The written agreement between you and the third-party fundraiser must contain terms that define what is considered confidential information. You must have verification procedures in the agreement. You must take into account the performance of the third-party supplier in these audits and decide whether other measures are appropriate (for example. B revision of the agreement or activation of punitive clauses that may be part of the agreement). In England and Wales, you must meet this standard. Third-party fundraisers that are not covered by the legal definition of a professional fundraiser must indicate the actual amount and how the payment is calculated in each proposal or agreement, and fully specify all fees, expenses and other related costs, the calculation of their fees and the timing of payments. Professional fundraisers and business participants must also meet the following additional standards. The benefits to a charity of engaging in a professional fundraiser may include: you and third-party donors and business partners, you must give yourself all the details of any potential, perceived or actual conflicts of interest that you know, know, know or know: a professional fundraiser or business participant must give you funds in accordance with the provisions of the Charities and Benevolenting (Scotland) Regulations 2009. In Scotland, funds must be passed on as soon as possible, but at least within 28 days of receiving them. Scottish law does not allow you, either the professional fundraiser or business participants, to agree on anything else, and this period cannot be extended, even if the fundraiser has a reasonable excuse for not providing you with the funds on time. This may include the monitoring measures described in point 7.3 (Monitoring) to verify that the number of fundraisers complies with the code.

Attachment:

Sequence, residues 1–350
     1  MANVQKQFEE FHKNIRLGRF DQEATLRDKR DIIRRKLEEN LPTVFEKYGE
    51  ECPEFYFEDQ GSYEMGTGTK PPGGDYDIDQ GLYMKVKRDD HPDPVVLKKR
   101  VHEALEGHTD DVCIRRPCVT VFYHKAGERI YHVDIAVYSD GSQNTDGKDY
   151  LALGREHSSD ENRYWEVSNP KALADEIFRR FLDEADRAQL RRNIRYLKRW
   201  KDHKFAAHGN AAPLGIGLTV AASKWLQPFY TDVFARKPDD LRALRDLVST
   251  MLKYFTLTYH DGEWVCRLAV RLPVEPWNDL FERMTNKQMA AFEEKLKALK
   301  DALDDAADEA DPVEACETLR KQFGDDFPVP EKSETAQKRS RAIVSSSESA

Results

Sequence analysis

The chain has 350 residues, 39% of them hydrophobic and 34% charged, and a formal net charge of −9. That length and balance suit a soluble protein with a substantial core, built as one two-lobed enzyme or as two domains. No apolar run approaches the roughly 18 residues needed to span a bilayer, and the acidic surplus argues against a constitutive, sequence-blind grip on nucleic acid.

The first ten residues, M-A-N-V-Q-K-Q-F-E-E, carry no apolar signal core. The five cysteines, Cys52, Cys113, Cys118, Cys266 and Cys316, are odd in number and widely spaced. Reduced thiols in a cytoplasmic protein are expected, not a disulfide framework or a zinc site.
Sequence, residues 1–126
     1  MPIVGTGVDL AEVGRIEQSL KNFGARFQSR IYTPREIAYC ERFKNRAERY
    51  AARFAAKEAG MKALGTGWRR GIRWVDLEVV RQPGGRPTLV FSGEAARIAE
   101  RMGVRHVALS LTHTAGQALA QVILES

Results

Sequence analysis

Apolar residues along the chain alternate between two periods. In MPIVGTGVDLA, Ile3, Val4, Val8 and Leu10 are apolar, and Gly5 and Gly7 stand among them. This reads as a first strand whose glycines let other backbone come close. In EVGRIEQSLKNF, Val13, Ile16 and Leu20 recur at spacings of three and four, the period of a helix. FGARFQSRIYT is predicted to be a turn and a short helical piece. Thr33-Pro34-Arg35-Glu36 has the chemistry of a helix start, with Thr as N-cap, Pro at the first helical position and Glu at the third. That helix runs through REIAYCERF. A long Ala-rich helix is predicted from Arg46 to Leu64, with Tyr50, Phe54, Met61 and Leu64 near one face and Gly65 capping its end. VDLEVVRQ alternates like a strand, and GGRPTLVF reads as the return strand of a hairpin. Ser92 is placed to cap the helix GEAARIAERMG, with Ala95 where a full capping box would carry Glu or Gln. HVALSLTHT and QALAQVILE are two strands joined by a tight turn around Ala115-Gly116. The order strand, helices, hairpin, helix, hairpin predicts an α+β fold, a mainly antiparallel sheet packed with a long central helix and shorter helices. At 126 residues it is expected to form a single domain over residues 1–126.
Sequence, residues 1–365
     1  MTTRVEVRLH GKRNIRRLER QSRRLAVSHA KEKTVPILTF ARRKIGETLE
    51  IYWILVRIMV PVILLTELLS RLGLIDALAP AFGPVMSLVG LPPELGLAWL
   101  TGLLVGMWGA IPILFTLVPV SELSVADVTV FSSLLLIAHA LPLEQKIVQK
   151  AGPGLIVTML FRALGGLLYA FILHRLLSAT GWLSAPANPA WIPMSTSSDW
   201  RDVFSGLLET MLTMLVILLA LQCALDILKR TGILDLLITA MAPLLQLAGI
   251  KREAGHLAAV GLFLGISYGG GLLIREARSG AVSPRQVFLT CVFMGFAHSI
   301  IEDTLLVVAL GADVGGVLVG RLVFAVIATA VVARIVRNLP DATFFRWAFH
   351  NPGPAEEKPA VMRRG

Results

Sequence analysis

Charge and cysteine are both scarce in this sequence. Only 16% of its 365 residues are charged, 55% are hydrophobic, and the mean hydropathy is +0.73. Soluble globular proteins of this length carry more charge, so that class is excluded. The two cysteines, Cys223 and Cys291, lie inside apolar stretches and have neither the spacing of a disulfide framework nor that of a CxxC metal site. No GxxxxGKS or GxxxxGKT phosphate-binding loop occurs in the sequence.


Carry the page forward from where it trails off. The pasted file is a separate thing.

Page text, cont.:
The terms of the agreement should allow you to read and, if necessary, review all relevant professional fundraising policies and procedures that are relevant to the protection of the public. This may include measures for people in precarious situations, handling of complaints and signallers, training materials and the staff code of conduct. Please note that in Northern Ireland there is no legislation on professional fundraisers or business participants. (However, non-profit organisations collecting donations in Northern Ireland may decide to comply with the legal requirements of England and Wales and Scotland. These are just a few examples of a fundraising company that is referred to as “professional fundraising” in all calendars to indicate a typical means of fundraising activity for which each model is likely to be adapted. However, other fundraising initiatives or activities could also be reduced to a charity setting up a “professional fundraiser” under the Charitable Act. If, in all cases, this is questionable, legal advice should be issued. in writing, if they are paid (unless they are a charitable fundraiser and an employee or representative of the charity or business related to it and they are fundraising).